Is Anti-Semitism Normal in Today's Society?

Columnist and author Bari Weiss in conversation with Jake Tapper at 92Y

92Y /
Sep 16 2019 | 01:45 PM

New York Times columnist Bari Weiss never thought anti-Semitism could be so open and mainstream until recently when it hit home.

On Oct. 27, 2018, everything changed when a gunman opened fire at the Tree of Life Or L'Simcha Congregation in her hometown of Pittsburgh, PA, the same shul where she became a bat mitzvah.

Weiss discussed the rise of anti-Semitism and her new book, “How to Fight Anti-Semitism,” on Sept. 15 in a conversation with CNN’s Jake Tapper at the 92nd Street Y. Weiss, 35, released the book this month.

“I reject the idea that Jews are responsible for anti-Semitism,” Weiss said to the attendees. “Jews have been the target of more anti-Semitism acts than any other religious groups since 1995 in the United States.”

She recalled the tragic day that took place in Pittsburgh almost a year ago. She received a text from her sister Suzy Lee Weiss that morning telling her there was a shooting at the Tree of Life and immediately her mind raced to her father, Lou Weiss, who often attended Shabbat services.

Fortunately, he was not there that day, but she knew seven people who were killed.

“I would say that my life sort of changed with that text message,” she said. “I thought that anti-Semitism was a thing that happened to Jews in other places.”

"Could it Happen Here?"

Weiss explained that even after the shooting by white supremacist Robert Bowers, she figured it was a onetime incident. But it happened again, six months later in California when another synagogue was attacked.

“I find myself asking questions I never asked before,” she stated. “Could it happen here? Anti-Semitism is becoming socially acceptable.”

She pondered if our society has regressed and Jews no longer can walk the streets of the city freely with their yarmulkes on without being persecuted. Recently, there were two incidents in Brooklyn where Jews were assaulted; a gay Jewish man was harassed in the city two weeks ago; and a student at Hofstra University in Hempstead experienced anti-Semitism.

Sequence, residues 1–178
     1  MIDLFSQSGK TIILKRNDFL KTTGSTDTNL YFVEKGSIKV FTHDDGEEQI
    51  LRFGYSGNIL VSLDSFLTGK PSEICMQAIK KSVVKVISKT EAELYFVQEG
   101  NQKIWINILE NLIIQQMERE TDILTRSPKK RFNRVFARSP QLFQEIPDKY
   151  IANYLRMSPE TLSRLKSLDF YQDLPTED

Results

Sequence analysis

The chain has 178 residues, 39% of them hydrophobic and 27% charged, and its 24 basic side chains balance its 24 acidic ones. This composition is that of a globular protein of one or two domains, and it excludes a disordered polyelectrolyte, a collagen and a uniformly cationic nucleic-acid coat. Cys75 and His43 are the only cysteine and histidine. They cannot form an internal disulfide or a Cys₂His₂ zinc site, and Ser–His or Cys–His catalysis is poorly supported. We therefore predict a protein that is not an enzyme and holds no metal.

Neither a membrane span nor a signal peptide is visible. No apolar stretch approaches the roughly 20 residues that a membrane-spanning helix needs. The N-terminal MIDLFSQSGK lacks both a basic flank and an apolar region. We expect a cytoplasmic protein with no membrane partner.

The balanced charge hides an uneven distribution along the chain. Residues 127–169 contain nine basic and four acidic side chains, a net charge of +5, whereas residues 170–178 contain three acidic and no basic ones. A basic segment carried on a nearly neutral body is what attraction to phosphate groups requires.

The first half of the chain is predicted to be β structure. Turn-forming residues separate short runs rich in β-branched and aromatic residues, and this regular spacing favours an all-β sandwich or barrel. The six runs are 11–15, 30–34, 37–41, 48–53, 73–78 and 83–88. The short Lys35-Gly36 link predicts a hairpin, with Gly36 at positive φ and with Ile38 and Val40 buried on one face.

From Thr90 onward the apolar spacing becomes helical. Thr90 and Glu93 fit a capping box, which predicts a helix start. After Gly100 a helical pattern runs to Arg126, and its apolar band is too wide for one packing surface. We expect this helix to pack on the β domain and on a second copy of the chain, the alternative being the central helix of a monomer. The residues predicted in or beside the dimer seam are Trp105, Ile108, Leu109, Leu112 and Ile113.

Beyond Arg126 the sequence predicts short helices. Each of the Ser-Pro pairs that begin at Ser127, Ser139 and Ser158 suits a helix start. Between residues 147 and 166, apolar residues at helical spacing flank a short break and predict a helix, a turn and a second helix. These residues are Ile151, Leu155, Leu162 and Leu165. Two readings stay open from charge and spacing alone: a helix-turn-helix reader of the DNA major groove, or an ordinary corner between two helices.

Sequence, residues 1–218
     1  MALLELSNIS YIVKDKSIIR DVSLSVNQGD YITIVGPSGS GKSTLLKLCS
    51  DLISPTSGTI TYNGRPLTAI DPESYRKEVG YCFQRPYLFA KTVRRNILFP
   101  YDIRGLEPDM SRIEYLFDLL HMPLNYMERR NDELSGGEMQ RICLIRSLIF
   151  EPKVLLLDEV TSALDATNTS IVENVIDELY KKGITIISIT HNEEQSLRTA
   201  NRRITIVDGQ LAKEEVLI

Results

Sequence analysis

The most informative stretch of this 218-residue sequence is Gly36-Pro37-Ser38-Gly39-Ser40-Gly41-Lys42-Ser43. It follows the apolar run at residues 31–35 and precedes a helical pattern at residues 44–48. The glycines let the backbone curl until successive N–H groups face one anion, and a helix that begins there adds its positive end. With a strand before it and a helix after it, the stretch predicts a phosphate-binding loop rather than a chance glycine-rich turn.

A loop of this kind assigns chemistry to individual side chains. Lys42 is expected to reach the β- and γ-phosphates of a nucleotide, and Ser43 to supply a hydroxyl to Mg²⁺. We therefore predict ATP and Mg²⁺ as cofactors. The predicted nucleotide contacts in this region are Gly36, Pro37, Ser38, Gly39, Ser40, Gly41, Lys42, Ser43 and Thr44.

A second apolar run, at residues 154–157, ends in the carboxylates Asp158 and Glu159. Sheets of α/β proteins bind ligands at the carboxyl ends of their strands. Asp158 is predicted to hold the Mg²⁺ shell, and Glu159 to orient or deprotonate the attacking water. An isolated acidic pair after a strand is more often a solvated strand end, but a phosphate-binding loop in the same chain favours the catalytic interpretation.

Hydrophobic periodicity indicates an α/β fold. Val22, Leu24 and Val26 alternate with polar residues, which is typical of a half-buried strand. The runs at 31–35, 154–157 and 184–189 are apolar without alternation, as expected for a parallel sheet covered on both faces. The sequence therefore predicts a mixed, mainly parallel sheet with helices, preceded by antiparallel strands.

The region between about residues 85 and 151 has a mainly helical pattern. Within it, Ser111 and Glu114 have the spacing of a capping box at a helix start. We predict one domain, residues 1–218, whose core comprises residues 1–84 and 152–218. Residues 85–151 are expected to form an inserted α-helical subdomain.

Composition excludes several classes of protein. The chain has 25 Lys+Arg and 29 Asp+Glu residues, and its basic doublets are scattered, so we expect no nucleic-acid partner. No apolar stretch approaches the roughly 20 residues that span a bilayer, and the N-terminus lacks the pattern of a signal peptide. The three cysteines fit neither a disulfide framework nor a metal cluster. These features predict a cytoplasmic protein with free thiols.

She contended that there are two types of anti-Semitism: Hanukkah anti-Semitism and Purim anti-Semitism. On the holiday of Purim, Jews were openly persecuted and killed, just as how Hamas and white supremacists openly hate Jews and want to kill them.

The other form, she said, is more clandestine and similar to how the Syrians and Greeks treated the Jews and forced them to disavow their religion and worship Greek gods. According to Weiss, Hanukkah anti-Semitism was used by the Soviet Union. She also referred to the growth of anti-Semitism in the left-wing Labour party in Britain.

On Netanyahu and Trump

Weiss discussed Israel and the Boycott, Divestment and Sanctions movement (also known as BDS), a Palestinian-led campaign promoting various forms of boycott against Israel until it meets what the campaign describes as Israel's obligations under international law. Weiss said many progressive Jews support BDS, but may not know what it is.

She explained that just because she is critical of Israeli Prime Minister Benjamin Netanyahu, this does not make her anti-Semitic. Weiss stressed that she is a Zionist and full supporter of the state of Israel.

Weiss also touched on President Donald Trump. She found Trump’s recent remarks that Jews who vote Democratic are disloyal to Israel reprehensible and completely inaccurate. This is “ringing bells that can’t be un-rung,” she said.

As she looks ahead to the future, Weiss is definitely alarmed by the rise of anti-Semitism, but feels Jews will prevail.

“We survived because we had profound values and ideas to offer to the world,” she said.